Saturday, July 19, 2014

39 Ways to Use a Four-Actor Cast

Alfred Hitchcock’s adaptation of John Buchan’s 39 Steps left me less than impressed but more than anxious to see Patrick Barlow’s parody at London’s Criterion Theatre. The production concept of this 39 Steps boasted of the spectrum of an actor’s abilities; it was a four-actor play where the exaggerations were never too much and the times between character changes were never enough. The male lead solely kept to his Richard Hannay character, but the female lead played three different characters, Annabelle Schmidt, Pamela, and Margaret, while the two supporting actors were each responsible for several nameless roles. Ironically, these two men become the most memorable.

With only four actors on the cast, the flawless integration of props prevailed past any play I have witnessed, and in my opinion, made the production the satirical success that it is. The largest props, the actors’ bodies, were most profitable in imitating a moving film’s elements. Each time the window opened and the wind blew the characters’ bodies, clothes, and hair or each time the characters were in a vehicle and the braking pushed and halted their bodies, the audience was in uproarious laughter. The changing of hats (police officer, newspaper boy, and train passenger) as well was the 180-degree turning of body and outfit exhibited the actor’s strong ability to maintain character while changing character within one split-second.

All of the actors were impressively conscious of their body language and dialogue simultaneously, but their bodies also shared the stage with a plethora of props and special effects to aid their whimsical pursuits. The flashing lights, in the beginning of the play, acted as the most obvious homage to Hitchcock’s style, and the shower scene, “Psycho”. The fog, lack of and excessiveness of, served as both an excuse for the actors to communicate with the back of the house—much like the telephone scene—and simply, weather. The music equally dramatized the play’s aspects of playful suspense and suggestive romance, a cue for the actors to step a little closer and the audience to giggle a little longer.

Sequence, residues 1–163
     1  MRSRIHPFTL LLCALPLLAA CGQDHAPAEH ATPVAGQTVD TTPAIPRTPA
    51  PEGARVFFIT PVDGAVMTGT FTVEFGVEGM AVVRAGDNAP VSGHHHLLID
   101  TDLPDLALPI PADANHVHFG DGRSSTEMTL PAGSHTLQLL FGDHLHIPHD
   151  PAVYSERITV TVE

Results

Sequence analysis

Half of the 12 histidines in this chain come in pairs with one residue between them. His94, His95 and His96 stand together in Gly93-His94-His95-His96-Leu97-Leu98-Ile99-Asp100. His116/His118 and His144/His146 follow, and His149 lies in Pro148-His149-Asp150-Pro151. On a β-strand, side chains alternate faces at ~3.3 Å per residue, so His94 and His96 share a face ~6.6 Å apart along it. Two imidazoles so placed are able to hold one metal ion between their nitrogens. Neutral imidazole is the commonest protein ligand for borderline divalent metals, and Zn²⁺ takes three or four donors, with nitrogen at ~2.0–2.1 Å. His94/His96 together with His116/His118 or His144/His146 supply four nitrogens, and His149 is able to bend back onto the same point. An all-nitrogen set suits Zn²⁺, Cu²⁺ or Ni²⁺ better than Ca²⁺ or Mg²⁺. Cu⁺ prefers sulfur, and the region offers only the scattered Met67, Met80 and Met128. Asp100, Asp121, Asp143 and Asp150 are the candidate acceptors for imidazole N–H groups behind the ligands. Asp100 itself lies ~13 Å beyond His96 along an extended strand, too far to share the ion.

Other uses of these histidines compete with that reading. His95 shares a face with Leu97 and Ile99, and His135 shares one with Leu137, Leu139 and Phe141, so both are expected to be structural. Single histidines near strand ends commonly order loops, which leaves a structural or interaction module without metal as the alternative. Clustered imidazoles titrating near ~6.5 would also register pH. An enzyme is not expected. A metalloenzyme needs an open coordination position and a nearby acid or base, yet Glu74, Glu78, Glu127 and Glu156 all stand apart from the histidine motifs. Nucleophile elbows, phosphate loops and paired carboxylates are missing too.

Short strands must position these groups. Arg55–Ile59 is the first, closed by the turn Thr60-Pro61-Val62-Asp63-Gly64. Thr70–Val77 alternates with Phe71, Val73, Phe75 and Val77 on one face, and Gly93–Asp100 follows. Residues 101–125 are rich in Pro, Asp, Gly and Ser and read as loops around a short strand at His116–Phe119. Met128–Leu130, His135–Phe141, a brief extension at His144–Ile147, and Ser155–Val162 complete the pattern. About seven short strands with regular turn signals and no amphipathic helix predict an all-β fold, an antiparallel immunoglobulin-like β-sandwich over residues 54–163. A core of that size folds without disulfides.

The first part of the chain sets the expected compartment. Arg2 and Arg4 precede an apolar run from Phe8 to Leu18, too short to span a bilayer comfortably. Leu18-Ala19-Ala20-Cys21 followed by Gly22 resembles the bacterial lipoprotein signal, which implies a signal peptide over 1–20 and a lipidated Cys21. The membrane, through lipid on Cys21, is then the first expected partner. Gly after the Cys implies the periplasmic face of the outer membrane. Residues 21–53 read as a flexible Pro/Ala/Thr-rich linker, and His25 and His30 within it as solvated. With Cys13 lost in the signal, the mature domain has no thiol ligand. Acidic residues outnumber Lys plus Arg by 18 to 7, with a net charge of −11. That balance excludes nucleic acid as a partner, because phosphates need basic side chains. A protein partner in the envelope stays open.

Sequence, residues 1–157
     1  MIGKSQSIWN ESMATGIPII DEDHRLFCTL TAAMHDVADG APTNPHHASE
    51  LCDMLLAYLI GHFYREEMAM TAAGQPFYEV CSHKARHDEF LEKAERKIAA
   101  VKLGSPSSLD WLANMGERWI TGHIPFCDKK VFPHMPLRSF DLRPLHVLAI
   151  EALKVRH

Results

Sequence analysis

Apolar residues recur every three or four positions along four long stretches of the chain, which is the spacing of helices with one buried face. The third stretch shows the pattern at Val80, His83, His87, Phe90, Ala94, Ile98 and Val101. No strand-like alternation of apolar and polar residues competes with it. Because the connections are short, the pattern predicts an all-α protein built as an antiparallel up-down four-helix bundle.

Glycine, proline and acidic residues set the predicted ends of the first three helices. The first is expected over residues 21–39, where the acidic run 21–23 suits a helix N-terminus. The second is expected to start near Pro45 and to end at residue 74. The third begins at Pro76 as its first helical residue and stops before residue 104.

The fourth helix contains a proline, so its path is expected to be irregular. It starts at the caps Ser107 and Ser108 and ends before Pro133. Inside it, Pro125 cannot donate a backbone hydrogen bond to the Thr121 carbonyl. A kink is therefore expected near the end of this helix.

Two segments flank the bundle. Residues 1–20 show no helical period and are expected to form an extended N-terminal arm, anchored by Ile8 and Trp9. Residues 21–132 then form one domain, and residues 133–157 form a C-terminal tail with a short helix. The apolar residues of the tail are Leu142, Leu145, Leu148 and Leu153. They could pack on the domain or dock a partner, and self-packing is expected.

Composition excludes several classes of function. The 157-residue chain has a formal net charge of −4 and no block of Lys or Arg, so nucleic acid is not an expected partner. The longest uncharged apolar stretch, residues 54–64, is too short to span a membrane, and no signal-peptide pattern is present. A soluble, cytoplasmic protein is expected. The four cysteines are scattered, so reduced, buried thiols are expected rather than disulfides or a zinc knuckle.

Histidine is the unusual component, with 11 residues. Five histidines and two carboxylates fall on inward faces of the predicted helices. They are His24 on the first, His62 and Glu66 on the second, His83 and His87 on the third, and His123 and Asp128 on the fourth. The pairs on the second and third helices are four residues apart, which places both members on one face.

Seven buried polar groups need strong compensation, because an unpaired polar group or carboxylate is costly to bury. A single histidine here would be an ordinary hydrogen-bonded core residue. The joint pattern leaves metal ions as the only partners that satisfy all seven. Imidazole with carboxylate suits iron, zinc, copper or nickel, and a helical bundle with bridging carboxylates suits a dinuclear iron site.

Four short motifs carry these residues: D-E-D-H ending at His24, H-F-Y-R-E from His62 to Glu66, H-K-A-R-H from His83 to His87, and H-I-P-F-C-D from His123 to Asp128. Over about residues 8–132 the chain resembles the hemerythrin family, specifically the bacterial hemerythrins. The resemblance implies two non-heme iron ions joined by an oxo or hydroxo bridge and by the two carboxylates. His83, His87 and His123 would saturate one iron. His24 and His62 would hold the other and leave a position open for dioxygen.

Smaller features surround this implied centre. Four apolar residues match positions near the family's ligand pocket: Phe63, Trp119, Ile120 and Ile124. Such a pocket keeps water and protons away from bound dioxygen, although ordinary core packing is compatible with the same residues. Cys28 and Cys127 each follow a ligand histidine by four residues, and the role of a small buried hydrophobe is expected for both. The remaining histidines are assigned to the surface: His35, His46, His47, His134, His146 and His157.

39 Steps transformed a small stage theatre into an edgeless canvas of performance art. The shadow puppetry mimicking the chase scene demonstrated how primary school arts and crafts could be the perfect solution to a theatre’s limited landscape and terrain. The turning doors and moving windowsills amusingly replicated the architecture and interior design of houses and buildings at the actors’ disposal. Returning to the incorporation of bodies, the two supporting actors running to and fro in black hooded coats to parrot the bumps and humps of Scotland’s countryside was a resourceful alternative.

Now, in remembrance that this play was written as a parody for the British theatre, it is time to acknowledge the last, but perhaps most important, element of 39 Steps: the audience. Whether intentionally or not, the play metamorphosed into an interactive piece. With Mr. Memory’s show and Hannay’s impromptu political speech questioning the figurative audience, it proved dubious for the real-life audience to not respond. As the performers and the crowd heard SDSU Professor William Nericcio’s resonant “No!” in response to Hannay’s rhetorical question, anyone can see how invested the audience becomes in the performance. Live performances are often driven by a performer’s emotions, but here, we witness the overpowering emotions of an audience, British and foreigners alike, in raucous laughter and growing affection for the four actors and their many characters. 

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